Panzergrenadier Division Kurmark had been created out of Großdeutschland remnants in early 1945 and had fought throughout the last months of the war. Men of both the Brandenburg and Kurmark units were entitled to wear Großdeutschland insignia.
Hasso von Manteuffel, 1 February 1944
As a celebration of their elite status, the Großdeutschland was permitted to wear unique insignia. An intertwined GD was displayed on the shoulder straps, and a cuff title, of the type granted to Waffen-SS units, was also distributed. Some examples of the green cuff title worn by Infantry Regiment Großdeutschland were still seen late in the war, but the most common title was the pattern introduced in 1940, with Sütterlin script on a black backing. All divisional elements were granted this cuff title. As an Army formation, Großdeutschland was ordered to wear their cuff title on the right sleeve, since the SS wore theirs on the left.
The unit became known in the West through the book The Forgotten Soldier, by the Alsatian veteran Guy Sajer (a pseudonym), who served as a volunteer. The book was first published in 1967 in France as Le Soldat Oublié. While the historical accuracy of Sajer's autobiographical work has been questioned, it nevertheless offers a vivid and moving account of the horrors of war on the Eastern Front. A more recent account was written by Alfred Nowotny, entitled The Good Soldier, which focuses on both his experiences in Panzerfüsilier Regiment GD from 1944, but also his captivity in the Soviet Union after the German surrender. Jurgen Herbst, emeritus professor of history at the University of Wisconsin, recounts his experience as a young volunteer who joined the Division in 1945 in his book Requiem for a German Past.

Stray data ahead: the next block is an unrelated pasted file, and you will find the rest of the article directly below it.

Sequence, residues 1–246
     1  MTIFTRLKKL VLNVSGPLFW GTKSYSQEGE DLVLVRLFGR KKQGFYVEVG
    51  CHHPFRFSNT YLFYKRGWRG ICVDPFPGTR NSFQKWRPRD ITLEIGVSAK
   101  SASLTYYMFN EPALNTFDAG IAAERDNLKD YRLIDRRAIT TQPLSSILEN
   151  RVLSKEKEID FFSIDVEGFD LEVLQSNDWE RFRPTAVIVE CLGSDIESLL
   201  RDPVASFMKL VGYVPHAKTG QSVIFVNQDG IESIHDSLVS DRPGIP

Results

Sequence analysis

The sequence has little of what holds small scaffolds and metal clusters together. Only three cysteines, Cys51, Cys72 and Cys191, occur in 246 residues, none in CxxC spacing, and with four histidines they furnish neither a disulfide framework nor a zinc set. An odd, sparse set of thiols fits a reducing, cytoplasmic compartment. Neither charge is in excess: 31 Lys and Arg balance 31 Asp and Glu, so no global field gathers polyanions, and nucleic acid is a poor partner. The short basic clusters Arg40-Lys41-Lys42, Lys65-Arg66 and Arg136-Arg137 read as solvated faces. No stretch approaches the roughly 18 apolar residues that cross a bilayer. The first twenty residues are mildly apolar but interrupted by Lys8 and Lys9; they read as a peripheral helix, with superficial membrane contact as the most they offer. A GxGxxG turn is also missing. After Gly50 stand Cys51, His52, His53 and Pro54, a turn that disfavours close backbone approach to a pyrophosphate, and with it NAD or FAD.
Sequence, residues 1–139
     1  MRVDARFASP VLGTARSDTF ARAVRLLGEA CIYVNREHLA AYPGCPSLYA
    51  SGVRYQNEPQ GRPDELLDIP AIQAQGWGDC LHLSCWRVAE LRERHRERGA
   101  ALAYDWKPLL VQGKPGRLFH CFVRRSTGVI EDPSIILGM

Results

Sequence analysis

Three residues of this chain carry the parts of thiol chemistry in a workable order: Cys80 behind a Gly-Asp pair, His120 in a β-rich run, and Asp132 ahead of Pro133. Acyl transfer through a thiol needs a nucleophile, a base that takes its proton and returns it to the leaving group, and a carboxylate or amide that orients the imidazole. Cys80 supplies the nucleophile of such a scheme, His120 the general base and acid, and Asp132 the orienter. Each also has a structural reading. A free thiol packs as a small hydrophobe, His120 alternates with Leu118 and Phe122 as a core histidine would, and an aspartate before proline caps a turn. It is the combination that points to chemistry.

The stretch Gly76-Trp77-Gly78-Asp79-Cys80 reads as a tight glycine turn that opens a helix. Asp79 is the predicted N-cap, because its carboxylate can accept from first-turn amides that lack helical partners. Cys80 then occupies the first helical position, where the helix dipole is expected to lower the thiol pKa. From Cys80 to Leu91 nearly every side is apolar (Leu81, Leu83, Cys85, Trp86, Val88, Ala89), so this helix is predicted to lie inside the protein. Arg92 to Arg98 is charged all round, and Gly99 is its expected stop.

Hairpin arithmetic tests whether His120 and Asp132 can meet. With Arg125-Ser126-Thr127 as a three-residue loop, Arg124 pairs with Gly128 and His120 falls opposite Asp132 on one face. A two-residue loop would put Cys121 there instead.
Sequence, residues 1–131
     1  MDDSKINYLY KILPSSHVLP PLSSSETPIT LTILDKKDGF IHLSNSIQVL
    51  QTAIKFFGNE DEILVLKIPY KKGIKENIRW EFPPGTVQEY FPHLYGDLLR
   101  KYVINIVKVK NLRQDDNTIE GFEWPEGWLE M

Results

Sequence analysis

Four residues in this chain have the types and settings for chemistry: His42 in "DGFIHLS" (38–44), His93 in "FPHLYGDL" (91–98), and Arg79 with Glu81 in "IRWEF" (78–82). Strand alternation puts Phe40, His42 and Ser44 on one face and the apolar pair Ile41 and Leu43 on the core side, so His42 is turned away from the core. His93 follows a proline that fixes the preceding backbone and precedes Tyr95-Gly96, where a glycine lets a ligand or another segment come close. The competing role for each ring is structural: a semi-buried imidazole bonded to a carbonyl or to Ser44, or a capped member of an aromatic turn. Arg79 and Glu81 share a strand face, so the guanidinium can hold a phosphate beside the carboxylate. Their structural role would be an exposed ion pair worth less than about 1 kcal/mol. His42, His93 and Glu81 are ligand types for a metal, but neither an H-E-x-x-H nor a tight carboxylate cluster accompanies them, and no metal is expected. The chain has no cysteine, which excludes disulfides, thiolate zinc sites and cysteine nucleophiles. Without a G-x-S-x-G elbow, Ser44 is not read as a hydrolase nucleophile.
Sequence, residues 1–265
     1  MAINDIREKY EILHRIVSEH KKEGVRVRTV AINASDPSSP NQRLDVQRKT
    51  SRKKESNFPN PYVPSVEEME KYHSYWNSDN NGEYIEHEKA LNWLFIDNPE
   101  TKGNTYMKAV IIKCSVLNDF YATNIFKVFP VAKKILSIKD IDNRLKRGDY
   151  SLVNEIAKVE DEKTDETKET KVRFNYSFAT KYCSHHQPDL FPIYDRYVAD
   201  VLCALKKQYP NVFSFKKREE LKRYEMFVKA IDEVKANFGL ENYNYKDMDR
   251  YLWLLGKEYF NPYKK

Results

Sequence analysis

Divisional Staff (32 Officers, 143 NCOs and enlisted)
maps and the divisional war diary, liaison with neighbouring units, and structuring component units of the division.
On formation of GD as a Panzergrenadier Division, a 219 man Divisional Escort Company was added to Divisional headquarters. Modelled after the escort companies of Waffen SS Divisions, this unit was intended to guard divisional headquarters, serve as a mobile reserve, and was in essence a small battle group suited to all operational circumstances. It included, according to varying sources, some or all of the following:
Military Police Troop - Numbering one platoon of men, the Military Police detachment (recruited like the rest of the Army's MPs from civilian police) were equipped with light cars and motorcycles. Almost all military policemen not holding officer rank were NCOs (Unteroffizier or higher) excepting some drivers, in order to provide authority for their duties - including maintenance of discipline, but most importantly collection of prisoners and traffic control duties. GD had several hundred motorized vehicles which had to be moved over great distances both rapidly and efficiently.